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Young Scientist Colloquium, Monday, October 24th, 16.00 ct, IGSN seminar room FNO 01/117: "How do we perceive the world around us: On faces, bodies and spatial relations”
1. How children and adults represent individual faces despite image variation: An fMRI adaptation study (Marisa Nordt, MSc, Developmental Neuropsychology, Department of Psychology, RUB)
Is the whole the sum of its parts? Configural processing of headless bodies in the right fusiform gyrus (Dr. Denise Soria Bauser, Department of Neuropsychology, Institute of Cognitive Neuroscience, RUB)
3. Toward the grounding of language in a neural-dynamic model (Mathis Richter, MSc, Embodied Cognition Group, Institute for Neuroinformatics, RUB)


Ruhr-Universität Bochum
Fakultät für Psychologie
AE Biopsychologie
GAFO 05/618
D-44780 Bochum

Phone: +49 234 - 32 28213
Fax: +49 234 - 32 14377


News & Views

If you recognize this as English, you may be a pigeon

According to a new study published by biopsychologists from Bochum and the University of Otago (New Zealand), pigeons are able to discriminate English words from non-words. And they do this by orthographic rules that are identical to those used by humans. This enormous ability demonstrates that orthographic knowledge is no privilege of humans or primates but can be mastered by an animal with just 2.5 gram of brain. To demonstrate this feat, scientists first taught the birds top peck on words (e.g. DONE) shown on a monitor to obtain food. Pecking on non-words (e.g. DNOE) was not rewarded. Slowly the animals learned more and more English words (depending on the individual between 26 and 58) and discriminated them from non-words (about 8,000). Then came the real test: Pigeons were confronted with entirely new English words and non-words. The animals spontaneously discriminated successfully between the two groups of stimuli. Thus, they had learned what is typical for an English word. But how did they do this? A deeper analysis demonstrated that pigeons used two strategies. One was to use the frequency of bigrams in English. The word DONE has three bigrams: DO, ON, and NE. Their average bigram frequency is much higher than those of DN, NO, and OE in the non-word DNOE. The second strategy was the Levenshtein distance between two words which is the minimum number of single-character edits (i.e. insertions, deletions or substitutions) required to change one word into the other. Also humans utilize these two strategies for these kinds of decisions. The brains of birds and humans are vastly different. If still both species use the same strategy, it is likely that evolutionary selection pressure to identify regularities of input statistics are the relevant force that shaped brains during evolution. Whatever the genetically determined general outline of the brain of an animal was, its internal computations had to have the blueprint to solve these tasks. Within one week after its appearance, this paper was among the top 99.95% of all 6,365,760 scientific publications registered so far with respect to international media attention.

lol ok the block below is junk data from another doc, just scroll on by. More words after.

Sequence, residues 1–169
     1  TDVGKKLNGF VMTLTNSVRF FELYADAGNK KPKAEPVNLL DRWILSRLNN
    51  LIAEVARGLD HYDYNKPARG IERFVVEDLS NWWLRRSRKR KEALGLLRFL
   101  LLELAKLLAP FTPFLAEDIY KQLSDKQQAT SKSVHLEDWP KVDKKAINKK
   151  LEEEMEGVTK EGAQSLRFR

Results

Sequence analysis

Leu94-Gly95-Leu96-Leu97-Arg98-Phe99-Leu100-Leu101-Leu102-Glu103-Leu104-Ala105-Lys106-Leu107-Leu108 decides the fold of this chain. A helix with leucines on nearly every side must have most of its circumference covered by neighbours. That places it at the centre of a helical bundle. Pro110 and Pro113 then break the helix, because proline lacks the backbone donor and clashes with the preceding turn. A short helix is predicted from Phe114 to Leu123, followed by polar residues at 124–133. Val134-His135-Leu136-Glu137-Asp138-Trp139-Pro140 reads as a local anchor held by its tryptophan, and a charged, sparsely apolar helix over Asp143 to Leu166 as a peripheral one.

Scarf, D., Boy, K., Über Reinert, A., Devine, J., Güntürkün, O. and Colombo, M., Orthographic Processing in Pigeons (Columba livia), PNAS 2016, 113: 11272-11276.


News & Views

PhD Thesis Rena Klose

On Wednesday, the 24th of August 2016, Rena defended her PhD thesis entitled „ How visual asymmetry starts in pigeons: Characterizing Melanopsin as a potential inducer “. It was just awesome. Rena had tons of data to show, was able to answer each and every question (even the extremely vague ones) and flabbergasted the reviewers by the breadth, ingenuity, and complexity of her experiments and conclusions. Accordingly, the committee unanimously decided that she had performed extremely well and decided to award her the title of a Dr. rer. nat. with magna cum laude. Afterwards everybody could enjoy a party. On the picture Rena is depicted with the whole lab that had good reasons to celebrate one more great scientist from the Biopsychology.